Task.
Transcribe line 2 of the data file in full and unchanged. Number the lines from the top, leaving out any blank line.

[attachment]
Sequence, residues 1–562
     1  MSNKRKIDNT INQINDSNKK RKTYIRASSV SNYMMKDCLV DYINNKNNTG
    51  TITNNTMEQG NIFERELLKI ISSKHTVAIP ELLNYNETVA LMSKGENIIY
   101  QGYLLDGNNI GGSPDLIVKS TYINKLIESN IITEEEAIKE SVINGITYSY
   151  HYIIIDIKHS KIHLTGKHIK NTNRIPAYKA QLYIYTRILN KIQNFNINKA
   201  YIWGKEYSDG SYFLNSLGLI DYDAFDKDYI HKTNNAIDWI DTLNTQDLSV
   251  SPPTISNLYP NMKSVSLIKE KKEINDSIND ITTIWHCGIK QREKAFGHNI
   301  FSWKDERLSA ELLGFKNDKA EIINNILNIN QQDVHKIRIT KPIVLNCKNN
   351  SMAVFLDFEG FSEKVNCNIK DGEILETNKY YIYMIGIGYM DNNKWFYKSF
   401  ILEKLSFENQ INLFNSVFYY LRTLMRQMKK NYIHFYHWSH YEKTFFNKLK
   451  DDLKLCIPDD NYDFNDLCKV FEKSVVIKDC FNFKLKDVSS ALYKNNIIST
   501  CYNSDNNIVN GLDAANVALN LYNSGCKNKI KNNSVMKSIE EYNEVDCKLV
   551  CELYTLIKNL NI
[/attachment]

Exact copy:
     1  MSNKRKIDNT INQINDSNKK RKTYIRASSV SNYMMKDCLV DYINNKNNTG